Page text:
Op-Eds

As restrictions continue on in-person dining, COVID-19 has made restaurants increasingly dependent on food delivery platforms. Last month, the City of Toronto asked Ontario to temporarily cap the service fees restaurants are charged, which can be as high as 30 per cent of the bill. There is superficial appeal to price caps, but taking economic guidance from Hippocrates – first, do no harm – they amount to quackery. Regulatory interventions need to be carefully dosed according to a precise diagnosis of market failure and the extent of the disease. Instead of introducing new price cap regulations, Premier Doug Ford urged food delivery apps to slash commissions as a way to help out pandemic-stricken restaurants. This moral suasion...
In Canada, if regulation doesn’t work, the answer always seems to be more regulation. And so it is now with wholesale internet rates. In August, the Cabinet (mildly) criticized the CRTC’s new wholesale internet rates, noting that because they are so low, they may “undermine investment in high-quality networks.” This sentiment is justified, but the Cabinet needs to go much further. This is an opportunity for Canada to finally accept that our government-directed internet “market” is not working — and to create a system of real, authentic competition. First, why is the CRTC setting internet rates anyway? Canada has a form of wholesale internet regulation that is unique in the world. In Canada, as in most countries, you can get...
Two years ago, in another op-ed, I made an unpopular prediction. I guessed that the Federal Communications Commission (FCC)’s plan to scrap network neutrality rules in the United States would not break the internet. In fact, contrary to the dire forecasts of pro-regulation groups, I thought the measure wouldn’t amount to much of anything: that “net neutrality” legislation was pretty pointless — and so removing it would be uneventful, and certainly not bad for U.S. broadband. My view was received with a fair amount of hostility. One reader memorably proposed on Twitter that I have intimate relations with my own eyeball. “You are clearly flexible enough and already blind,” he wrote. I promised to check back in, in two years, to...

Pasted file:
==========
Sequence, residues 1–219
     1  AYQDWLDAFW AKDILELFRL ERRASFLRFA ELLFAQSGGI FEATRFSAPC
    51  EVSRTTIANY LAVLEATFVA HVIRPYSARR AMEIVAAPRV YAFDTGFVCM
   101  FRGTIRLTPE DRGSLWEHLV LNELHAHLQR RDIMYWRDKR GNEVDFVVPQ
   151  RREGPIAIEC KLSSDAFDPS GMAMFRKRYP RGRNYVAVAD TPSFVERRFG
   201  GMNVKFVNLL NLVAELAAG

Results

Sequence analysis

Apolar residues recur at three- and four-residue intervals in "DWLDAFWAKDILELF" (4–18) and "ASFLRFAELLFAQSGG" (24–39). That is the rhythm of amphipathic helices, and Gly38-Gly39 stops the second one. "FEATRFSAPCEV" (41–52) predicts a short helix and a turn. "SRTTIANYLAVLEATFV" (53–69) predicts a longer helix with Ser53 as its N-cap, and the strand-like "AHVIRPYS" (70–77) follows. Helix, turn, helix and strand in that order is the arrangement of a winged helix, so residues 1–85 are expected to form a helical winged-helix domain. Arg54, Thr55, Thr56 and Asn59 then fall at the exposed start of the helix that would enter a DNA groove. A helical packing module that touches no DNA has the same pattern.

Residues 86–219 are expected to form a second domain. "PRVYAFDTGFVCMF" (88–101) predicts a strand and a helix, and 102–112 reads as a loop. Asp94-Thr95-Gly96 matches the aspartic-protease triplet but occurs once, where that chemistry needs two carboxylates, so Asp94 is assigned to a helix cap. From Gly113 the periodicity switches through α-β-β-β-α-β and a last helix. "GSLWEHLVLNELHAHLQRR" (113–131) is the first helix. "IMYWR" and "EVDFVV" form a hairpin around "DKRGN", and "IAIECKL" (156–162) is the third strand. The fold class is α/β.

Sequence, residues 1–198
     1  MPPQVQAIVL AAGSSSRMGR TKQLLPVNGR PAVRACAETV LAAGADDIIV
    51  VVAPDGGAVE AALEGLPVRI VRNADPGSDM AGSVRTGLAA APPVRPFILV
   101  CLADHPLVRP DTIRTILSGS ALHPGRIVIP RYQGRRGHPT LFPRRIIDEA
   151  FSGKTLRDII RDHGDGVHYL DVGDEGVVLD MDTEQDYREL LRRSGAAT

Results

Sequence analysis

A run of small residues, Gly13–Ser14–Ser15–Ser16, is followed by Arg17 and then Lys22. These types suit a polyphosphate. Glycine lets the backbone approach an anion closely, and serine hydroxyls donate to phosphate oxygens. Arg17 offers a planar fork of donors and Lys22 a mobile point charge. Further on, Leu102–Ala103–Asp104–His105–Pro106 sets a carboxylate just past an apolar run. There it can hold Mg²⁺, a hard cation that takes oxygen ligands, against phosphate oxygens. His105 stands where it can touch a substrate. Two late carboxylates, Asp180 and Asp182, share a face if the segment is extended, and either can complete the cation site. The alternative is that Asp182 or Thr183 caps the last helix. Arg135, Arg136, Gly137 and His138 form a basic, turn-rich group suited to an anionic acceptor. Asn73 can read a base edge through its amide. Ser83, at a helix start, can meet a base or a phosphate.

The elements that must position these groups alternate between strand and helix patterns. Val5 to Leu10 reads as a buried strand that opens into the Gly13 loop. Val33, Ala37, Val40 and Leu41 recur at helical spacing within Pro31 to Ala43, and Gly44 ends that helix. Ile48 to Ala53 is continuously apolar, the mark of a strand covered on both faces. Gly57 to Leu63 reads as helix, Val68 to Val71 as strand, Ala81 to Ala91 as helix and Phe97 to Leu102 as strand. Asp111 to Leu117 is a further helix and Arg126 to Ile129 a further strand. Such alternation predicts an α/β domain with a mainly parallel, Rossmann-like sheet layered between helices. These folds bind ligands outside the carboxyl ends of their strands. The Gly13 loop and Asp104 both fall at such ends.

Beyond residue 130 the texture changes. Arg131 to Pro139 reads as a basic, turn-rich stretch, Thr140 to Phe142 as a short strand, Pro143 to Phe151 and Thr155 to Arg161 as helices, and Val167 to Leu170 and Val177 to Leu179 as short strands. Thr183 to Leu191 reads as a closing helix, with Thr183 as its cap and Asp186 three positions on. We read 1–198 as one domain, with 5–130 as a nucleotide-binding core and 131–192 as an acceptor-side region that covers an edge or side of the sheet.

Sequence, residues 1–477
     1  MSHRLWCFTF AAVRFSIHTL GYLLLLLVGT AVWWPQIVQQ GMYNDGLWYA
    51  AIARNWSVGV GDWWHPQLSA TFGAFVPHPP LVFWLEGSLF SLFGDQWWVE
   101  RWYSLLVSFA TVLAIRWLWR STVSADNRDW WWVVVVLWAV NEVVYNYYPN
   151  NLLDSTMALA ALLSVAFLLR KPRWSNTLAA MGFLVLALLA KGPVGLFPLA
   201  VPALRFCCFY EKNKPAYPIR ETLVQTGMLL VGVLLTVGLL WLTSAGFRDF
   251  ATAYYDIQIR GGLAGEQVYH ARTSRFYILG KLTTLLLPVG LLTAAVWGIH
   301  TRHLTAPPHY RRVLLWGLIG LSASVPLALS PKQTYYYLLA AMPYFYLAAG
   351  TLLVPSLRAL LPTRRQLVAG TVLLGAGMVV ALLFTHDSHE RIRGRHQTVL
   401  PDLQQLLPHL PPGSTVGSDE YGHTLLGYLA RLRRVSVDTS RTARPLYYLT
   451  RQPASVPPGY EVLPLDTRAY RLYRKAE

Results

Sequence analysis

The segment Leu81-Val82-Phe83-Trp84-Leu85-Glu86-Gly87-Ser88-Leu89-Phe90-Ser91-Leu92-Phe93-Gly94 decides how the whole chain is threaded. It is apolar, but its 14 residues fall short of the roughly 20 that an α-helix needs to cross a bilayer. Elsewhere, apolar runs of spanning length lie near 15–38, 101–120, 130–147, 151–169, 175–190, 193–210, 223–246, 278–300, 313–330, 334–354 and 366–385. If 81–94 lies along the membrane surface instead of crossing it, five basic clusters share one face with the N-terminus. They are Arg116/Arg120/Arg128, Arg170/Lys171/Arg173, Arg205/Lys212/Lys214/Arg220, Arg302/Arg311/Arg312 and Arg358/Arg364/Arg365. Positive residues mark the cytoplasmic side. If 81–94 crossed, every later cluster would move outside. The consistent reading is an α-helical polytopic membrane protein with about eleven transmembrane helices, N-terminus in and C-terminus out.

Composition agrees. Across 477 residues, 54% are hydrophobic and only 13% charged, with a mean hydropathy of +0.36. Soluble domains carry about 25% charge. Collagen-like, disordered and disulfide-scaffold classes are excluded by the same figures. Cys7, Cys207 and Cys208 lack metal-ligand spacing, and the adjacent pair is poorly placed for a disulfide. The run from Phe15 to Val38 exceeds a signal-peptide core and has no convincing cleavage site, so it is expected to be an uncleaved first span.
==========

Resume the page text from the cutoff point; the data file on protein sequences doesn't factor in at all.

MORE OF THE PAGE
Ontario Premier Doug Ford’s decision last fall to put the retailing of cannabis in the hands of the private sector was a good one. The province recently held a lottery to determine who would operate as a cannabis retailer. The use of a lottery, as opposed to an auction or a “preferred suppliers” rule, to allocate retail outlets can be defended on two grounds. One is that the government did not wish to give excessive retail power to existing cannabis interests with deep pockets, or to other retailers such as Walmart or a pharmacy chain. An auction would likely have resulted in a concentration of retail power akin to the concentration of production power that exists at present. That concentration of production power already places the...
On Oct. 17, Canada will be the second country in the world to have fully legalized production and retail distribution of recreational marijuana. There will be considerable international interest in the Canadian experiment, in order to understand what works and what does not. One of the prime objectives of legalization was to stamp out the black market. However, it is now clear that this is extremely unlikely. Both federal and different provincial governments should accept responsibility for this. Black markets exist if there is insufficient legal supply or if they can offer comparable goods at lower cost. Based on available data on the number of licensed producers and medical-marijuana production and inventory levels, we estimate that...